Regina Taylor’s play concerns a young New York woman named Yolanda (Jayla Lane) who moves in with her South Carolinian grandmother Mother Shaw (Hattie McGill) after Yolanda’s brother is shot and killed.

Mother Shaw tries to get her to church for its saving grace and the healing fellowship of her hat-wearing friends, Mabel (Wanda Gunther), Velma (DLR Mayes), Wanda (Ashleigh Sherel) and Jeannette (Ashley Weaver).

The music and fashion prove a culture clash for the headphones-and-cap-wearing Yolanda, still angry and in mourning for her brother, and she fights the sisterhood’s advice and invitation — well, until the power of music, faith and personality prove irresistable.

“Crowns’ ” music, encapsulated in songs like “On The Battlefield For My Lord,” “Wade In The Water” and “His Eye Is On The Sparrow,” may pull an audience in, but it’s the stories and insight that Mother Shaw and her friends share that flesh out the characters.

These are women whose hats are proud markers of their love of beauty, their status and a dignity earned in a world working hard to erode it.

Director Tommy Edds, who also leads the music on keyboards, stages the musical in the round. It’s a subtle touch, but one that turns the cast from performers in front of an audience to everyday churchgoers with stories and songs to share.

Gunther commands “Crowns” as preacher’s wife Mabel, who not only tells stories with great wit and timing — her commentary on hat etiquette and young women’s short skirts steal the show — but demonstrates that worshipping God trumps respect for the hat. She’s also a convincing preacher, when hit by the Spirit.

DLR Mayes not only wears some of the production’s most striking hats with suitable flair, but sings that way as well and Sherel isn’t far behind.

Royce Montgomery plays a handful of husbands, fathers and preachers, shifting smoothly between characters and leading the way as a preacher and singer when called for. Some of his roles mirror real life — he’s a pastor and musical performer — which makes him feel all the more natural and believable.

Edds on keyboards, drummer Torie Montgomery (Royce’s daughter) and bassist Michael Donahue ably back the singers with a tight, driving gospel sound, with Edds often playing a quiet R&B/gospel vamp to the stories. This is a trio that would be at home for gospel brunch. A small choir, hidden in the balcony, also adds vocal muscle to some of the bigger numbers.

The minimal set, designed by Bobby Abrahams and Joey Fortune, features individual wooden benches whose sides suggest church pews and video monitors above and to the side of the acting space flash images of southern life, culture and hats. It seems distracting, but in practice acted like an electronic wallpaper helping shape the production’s tone.

 

"I Put The I CAN In Pelican" © Bonnie Feaster Chapa

New Bonnie Chapa Art: “I Put The I CAN in Pelican”

Written by Bonnie Chapa on . Posted in Bonnie's Art Gallery

“I Put The I CAN in Pelican” © Bonnie Feaster Chapa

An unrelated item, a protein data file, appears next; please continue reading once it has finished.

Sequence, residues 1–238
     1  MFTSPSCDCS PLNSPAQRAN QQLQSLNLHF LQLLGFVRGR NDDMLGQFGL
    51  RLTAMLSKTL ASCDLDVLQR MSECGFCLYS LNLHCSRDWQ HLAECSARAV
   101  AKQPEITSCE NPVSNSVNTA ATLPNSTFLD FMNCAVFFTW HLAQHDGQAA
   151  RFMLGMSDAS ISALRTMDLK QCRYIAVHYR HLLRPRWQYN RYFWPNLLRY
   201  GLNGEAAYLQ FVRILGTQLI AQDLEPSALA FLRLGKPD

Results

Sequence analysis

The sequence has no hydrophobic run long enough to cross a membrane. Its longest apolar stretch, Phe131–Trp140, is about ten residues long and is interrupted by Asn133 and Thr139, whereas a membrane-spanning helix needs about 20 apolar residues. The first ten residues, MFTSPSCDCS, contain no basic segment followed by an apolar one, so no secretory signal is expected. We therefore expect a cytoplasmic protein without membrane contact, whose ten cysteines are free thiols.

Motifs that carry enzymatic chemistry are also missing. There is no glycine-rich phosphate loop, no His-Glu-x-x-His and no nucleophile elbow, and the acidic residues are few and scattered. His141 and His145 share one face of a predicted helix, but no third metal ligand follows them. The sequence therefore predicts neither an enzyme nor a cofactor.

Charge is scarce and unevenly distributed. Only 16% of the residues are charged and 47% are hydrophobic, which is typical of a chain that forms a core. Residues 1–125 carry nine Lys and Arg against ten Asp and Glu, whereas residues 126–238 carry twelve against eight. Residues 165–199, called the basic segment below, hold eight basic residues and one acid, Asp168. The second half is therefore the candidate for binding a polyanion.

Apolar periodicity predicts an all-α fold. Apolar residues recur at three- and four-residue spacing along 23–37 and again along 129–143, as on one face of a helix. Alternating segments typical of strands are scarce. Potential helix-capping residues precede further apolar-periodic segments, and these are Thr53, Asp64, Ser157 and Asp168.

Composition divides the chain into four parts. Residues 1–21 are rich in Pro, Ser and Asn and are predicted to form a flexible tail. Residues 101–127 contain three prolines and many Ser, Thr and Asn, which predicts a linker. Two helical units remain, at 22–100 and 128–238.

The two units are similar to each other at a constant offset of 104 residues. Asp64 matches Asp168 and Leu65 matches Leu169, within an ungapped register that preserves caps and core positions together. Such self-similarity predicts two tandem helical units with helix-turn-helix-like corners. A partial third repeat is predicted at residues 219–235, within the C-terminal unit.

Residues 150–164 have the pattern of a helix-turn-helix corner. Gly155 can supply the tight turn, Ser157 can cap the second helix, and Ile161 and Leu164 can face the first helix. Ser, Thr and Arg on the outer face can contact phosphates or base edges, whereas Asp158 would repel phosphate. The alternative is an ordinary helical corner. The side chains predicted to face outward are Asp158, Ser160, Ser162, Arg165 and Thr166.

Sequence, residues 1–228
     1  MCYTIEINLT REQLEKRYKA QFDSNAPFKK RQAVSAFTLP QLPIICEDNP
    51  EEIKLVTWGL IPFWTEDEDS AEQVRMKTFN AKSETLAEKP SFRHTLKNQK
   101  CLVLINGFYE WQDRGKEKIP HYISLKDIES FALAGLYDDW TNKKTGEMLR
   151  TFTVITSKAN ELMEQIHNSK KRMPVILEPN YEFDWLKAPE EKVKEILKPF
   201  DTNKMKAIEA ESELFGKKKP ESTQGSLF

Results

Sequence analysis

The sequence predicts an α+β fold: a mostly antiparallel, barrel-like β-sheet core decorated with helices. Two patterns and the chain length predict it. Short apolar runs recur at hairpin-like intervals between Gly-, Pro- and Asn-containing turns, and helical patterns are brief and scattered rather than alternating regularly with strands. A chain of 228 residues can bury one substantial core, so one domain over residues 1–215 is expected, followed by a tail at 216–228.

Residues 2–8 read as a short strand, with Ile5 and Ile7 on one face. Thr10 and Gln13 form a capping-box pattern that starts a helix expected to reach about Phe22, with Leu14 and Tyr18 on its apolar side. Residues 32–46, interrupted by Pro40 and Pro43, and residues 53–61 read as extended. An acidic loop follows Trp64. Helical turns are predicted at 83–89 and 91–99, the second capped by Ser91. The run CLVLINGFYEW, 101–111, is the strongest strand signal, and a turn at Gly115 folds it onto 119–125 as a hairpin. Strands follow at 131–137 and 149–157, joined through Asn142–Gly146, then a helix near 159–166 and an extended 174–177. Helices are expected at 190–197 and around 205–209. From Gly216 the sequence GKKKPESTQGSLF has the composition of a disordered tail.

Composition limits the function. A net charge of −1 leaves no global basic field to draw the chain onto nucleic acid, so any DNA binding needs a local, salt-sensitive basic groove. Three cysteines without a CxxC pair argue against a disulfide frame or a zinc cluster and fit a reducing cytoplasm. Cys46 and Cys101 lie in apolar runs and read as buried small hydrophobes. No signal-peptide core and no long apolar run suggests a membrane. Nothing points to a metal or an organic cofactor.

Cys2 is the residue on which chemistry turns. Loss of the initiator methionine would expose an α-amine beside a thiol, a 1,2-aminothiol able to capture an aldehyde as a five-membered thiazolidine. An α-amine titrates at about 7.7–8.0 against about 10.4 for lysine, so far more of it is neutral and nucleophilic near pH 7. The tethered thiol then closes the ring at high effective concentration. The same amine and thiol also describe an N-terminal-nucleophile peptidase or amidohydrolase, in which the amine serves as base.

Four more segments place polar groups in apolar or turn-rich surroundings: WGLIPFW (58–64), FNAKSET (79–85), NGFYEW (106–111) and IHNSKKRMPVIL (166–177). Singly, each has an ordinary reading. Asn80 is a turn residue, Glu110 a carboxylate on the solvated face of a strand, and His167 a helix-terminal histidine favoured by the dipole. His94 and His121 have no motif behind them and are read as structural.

Created from an original photo Bonnie Feaster Chapa took Port Aransas,Texas, June 2014.

One morning I was up wide awake at 5AM. Startled actually. I just woke up from a dream about a pelican. Sitting on the edge of my bed, I realized I had a picture of a pelican I have been meaning to go back to and work on.
In my dream this bird was telling me to get up, get busy. I looked up what dreaming about pelicans means. Jung says that the pelican could illustrate the process of realization in which new insights emerge, die, go back into the unconscious and return again.
Coincidence? I don’t know but that bird had been in the back of my mind for a while ….. goals I had been thinking about for 2015…..things I had not finished….and that very day, the bird took flight and became this.
As I was working on my pelican, I wondered, does my pelican look for direction or does my pelican look out knowing exactly where it’s going to go?
I have decided: that is a determined bird. He puts the I CAN in Pelican.
Hand signed by Bonnie Feaster Chapa.  Art Available At Bonnie Chapa’s Etsy Store Ridin On The Right Side

"I Put The I CAN In Pelican" © Bonnie Feaster Chapa

“I Put The I CAN In Pelican” © Bonnie Feaster Chapa

2015 Judged BVAL Show, College Station, Texas

Bonnie Feaster Chapa Art Receives Awards at the 2015 Judged Brazos Valley Art Show in College Station, Texas

Written by Bonnie Chapa on . Posted in Bonnie Chapa Art Events And News

Last night, I attended the Opening Reception for the 2015 Judged Brazos Valley Art League show and it was awesome fun.  There were so many fabulous artists and their work there and I loved meeting them, discussing technique and my favorite part; getting to hear the stories behind the art and how it began before being what it is today for us all to see.  Congratulations to you all!
The show Chairman Charles Wallis and everyone there at the Art Center in College Station put in a lot of hard work and effort to make this show successful and it showed.
Four pieces of my art were accepted through the juried process and I am happy to say that “Gruene Hall Buick 56 Special” placed 1st place and “I’m A Huge Fan” placed 3rd place in the Professional Digital Art category.
I want to thank the Chairman, Board and Members of the Brazos Valley Art League and Judge Les McDonald for having me.  It was a real privilage, a learning and rewarding experience and I hope to have the opportunity to take some of the experience and spread it out over 2015 and beyond!
The 2015 Judged BVAL show will be on exhibit and art pieces for sale in their Texas Gallery until January 31, 2015.

Art Center, 2275 Dartmouth Street, College Station, TX 77840
See all the Art accepted into the 2015 Judged BVAL Show
Learn more about Charles Wallis
Learn more about Les McDonald

"Gruene Hall Buick 56 Special" 1st place in the BVAL Professional Digital Art Category.

“Gruene Hall Buick 56 Special” 1st place in the BVAL Professional Digital Art Category.

"I'm A Huge Fan" 3rd place in the BVAL Professional Digital Art Category.

“I’m A Huge Fan” 3rd place in the BVAL Professional Digital Art Category.

Bonnie Feaster Chapa accepted Artwork included in the 2015 Judged Brazos Valley Art League Show

Bonnie Feaster Chapa accepted Artwork included in the 2015 Judged Brazos Valley Art League Show

Downtown Waco’s Creative Art Studio and Theatre and the Art Center of Waco on the McLennan Community College campus go beyond simple exhibition of artwork…

Written by Bonnie Chapa on . Posted in Bonnie Chapa Art Events And News